Health Research Authority in action

Posted on December 3, 2011 by


The Health Research Authority – the planned new single regulator of health research across the UK – came into a being as a special health authority on Thursday. It had its first board meeting and has published a plan of action for its initial four months of operation. The Lords are also set to discuss what the fully established new authority will eventually look like and how it will effectively act to streamline the regulation of research in the UK on Monday afternoon.


The Academy of Medical Sciences recommended in their review of the regulation and governance of health research in the UK which was published in January 2011 that a single regulator of health research be set up, to streamline regulation and make the process more straightforward and easier to navigate.

In the Plan for Growth which published alongside the 2011 budget in March, the government committed to establishing a Health Research Authority to act as this single regulator and to take a number of other steps to streamline the regulatory process.

They planned to establish the Health Research Authority as a special health authority in the first instance, bringing in primary legislation to establish it as proper non-departmental public body with authority across the UK in time. To do this, they introduced a statutory instrument which would set up the Health Research Authority on 1 December. This was discussed in the House of Lords in November but was not opposed and so the Health Research Authority came into existence on 1 December 2011.

What is it’s plan of action?

This lays out how the HRA is going to get up and running. This is how it will work within it’s current remit as a new home for the National Research Ethics Service (NRES)- it doesn’t plan for how it is going to take on further regulatory powers the government is planning to transfer to it in time – such as the regulation of patient data, the research regulatating functions of the hfea etc. – although it does say it will work closely with the department of health as this is taken forward.

This plan lays out its purpose

The purpose of the HRA is to protect and promote the interests of patients and the public in health research.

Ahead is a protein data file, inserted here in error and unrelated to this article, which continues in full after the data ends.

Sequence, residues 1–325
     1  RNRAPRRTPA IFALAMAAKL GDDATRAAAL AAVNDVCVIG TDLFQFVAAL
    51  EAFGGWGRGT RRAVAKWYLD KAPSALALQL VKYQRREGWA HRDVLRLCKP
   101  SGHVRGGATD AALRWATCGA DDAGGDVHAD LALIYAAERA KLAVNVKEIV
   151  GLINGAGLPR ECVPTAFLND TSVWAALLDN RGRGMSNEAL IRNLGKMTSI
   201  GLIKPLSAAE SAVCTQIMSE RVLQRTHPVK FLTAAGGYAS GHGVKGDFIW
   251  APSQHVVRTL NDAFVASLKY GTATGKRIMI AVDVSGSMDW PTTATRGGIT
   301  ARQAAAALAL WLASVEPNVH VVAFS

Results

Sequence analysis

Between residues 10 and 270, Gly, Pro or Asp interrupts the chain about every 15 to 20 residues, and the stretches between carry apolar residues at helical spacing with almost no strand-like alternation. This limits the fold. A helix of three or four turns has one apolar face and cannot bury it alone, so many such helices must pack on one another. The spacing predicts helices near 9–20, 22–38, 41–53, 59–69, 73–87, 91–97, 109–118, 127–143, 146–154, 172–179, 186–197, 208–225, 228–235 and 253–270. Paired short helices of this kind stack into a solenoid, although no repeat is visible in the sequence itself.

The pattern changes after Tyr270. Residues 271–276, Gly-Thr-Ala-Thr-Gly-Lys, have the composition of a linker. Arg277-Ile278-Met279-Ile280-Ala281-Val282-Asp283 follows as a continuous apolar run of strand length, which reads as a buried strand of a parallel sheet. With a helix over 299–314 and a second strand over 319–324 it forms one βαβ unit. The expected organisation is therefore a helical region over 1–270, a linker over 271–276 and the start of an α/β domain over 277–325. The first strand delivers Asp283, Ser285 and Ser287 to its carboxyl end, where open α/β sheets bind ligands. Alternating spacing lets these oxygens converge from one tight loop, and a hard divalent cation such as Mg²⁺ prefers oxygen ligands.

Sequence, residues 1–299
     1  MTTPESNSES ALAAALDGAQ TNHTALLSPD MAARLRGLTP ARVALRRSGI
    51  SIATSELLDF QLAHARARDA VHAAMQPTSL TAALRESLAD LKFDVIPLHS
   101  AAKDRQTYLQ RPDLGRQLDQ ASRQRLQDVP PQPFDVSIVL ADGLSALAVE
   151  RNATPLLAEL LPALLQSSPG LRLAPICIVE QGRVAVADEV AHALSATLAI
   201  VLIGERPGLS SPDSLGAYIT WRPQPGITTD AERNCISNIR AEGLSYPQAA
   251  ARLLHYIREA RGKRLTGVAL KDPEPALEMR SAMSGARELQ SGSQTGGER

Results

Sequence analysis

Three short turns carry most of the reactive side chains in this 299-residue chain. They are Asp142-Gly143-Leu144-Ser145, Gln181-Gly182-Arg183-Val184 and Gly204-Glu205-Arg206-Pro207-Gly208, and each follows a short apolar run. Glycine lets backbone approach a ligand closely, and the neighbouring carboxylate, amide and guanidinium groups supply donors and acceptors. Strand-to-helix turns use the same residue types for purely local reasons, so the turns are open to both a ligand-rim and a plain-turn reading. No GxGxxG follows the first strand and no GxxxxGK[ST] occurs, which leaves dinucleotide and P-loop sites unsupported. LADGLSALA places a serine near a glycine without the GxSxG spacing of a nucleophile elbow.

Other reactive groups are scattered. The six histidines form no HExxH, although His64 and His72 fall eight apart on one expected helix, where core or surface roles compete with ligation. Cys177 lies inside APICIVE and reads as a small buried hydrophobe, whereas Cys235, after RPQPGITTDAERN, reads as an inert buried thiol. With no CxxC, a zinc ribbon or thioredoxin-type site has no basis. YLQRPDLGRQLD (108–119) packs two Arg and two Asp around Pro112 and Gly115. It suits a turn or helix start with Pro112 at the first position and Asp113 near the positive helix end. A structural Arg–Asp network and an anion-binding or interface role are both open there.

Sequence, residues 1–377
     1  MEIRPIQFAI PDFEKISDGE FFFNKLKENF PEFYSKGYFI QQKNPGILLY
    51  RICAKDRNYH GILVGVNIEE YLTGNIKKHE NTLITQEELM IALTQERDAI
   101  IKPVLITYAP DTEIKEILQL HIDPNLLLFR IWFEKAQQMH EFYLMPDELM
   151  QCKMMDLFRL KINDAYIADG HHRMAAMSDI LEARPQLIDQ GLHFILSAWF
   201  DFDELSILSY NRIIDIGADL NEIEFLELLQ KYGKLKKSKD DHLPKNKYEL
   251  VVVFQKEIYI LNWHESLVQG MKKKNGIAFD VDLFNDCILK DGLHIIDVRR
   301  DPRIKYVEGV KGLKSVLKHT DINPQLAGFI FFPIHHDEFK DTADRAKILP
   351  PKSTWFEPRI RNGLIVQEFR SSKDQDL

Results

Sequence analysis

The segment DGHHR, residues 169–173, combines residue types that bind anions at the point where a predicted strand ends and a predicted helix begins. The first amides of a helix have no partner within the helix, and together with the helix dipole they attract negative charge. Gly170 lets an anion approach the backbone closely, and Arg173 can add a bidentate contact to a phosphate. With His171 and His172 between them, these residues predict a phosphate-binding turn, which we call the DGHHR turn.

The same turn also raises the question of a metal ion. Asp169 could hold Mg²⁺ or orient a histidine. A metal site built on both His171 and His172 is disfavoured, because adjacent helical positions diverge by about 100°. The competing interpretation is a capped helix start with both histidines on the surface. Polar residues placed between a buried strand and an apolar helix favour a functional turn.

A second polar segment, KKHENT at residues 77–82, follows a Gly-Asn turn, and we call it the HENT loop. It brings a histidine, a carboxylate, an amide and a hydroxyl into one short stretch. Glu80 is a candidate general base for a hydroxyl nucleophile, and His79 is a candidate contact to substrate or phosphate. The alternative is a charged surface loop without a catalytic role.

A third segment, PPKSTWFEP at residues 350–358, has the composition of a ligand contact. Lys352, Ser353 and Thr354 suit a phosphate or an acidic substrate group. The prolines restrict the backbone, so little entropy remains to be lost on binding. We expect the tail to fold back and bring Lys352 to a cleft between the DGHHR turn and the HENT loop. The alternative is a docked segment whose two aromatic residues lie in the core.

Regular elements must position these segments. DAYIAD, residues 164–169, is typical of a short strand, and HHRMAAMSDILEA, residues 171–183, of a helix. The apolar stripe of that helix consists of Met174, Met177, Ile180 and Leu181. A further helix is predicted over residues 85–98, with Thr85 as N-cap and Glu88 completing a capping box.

And outlines the details of how it will be managed and governed. It goes on to explain which functions it is taking over an how it will take them forward (the integrated research administration system (IRAS), the national research ethics service (NRES)) and list the organisations it will collaborate with.

This plan does include an undertaking to develop a comprehensive plan to effectively involve patients and the public in the HRA’s work:

3.3 Patient and public involvement
The HRA will develop and implement a comprehensive plan for effective patient and public involvement. The HRA and DH have approached INVOLVE and the Association of Research Medical Charities (ARMC) for advice and support in developing this strategy and early discussions have taken place. The HRA will confirm plans for effective patient and public involvement before April 2012.

AMRC and INVOLVE originally fed into the Academy’s review which recommended the HRA be established having held a workshop asking what patients thought about the regulation and governance of research exploring how they feel about their data being used for research, how they want to be involved in research when they are being treated by the NHS etc – charities with their strong links with patients are natural partners in helping the HRA to do this well.

What now?

The House of Lords are currently scrutinising the Health & Social Care Bill clause by clause. The Health Research Authority is not part of this bill but peers have tabled a new clause proposing that it should be to give them an opportunity to question some of the government’s plans for the authority’s remit and how they expect it to operate. They are particular interested to know more about:

  • exactly which regulatory responsibilities will the HRA take on –  what power will it have over streamlining the process of multiple trusts each giving permission for a research proposal to go ahead (currently an area where a lot of delays creep in) Will it take over the research regulation function of the Human Tissue Authority and Human Fertilisation and Embryology Authority? Will it take over the regulation of the use of patient data for research?
  • When it will be established as a proper non-departmental public body in primary legislation? Until this happens, the authority will not have jurisdiction across the whole of the UK. Earl Howe has indicated that legislative proposals will be published for pre-legislative scrutiny in the next session of parliament with the intention to introduce a bill to establish the NDPB properly later in the session.

There’s more detail of some of the questions the Lords have in my summary of the discussion of the statutory instrument a few weeks ago. This is likely to come up for discussion next Monday, 5 December.

In the meantime, the Health Research Authority had it’s first board meeting on Thursday and is getting up and running.

Posted in: Policy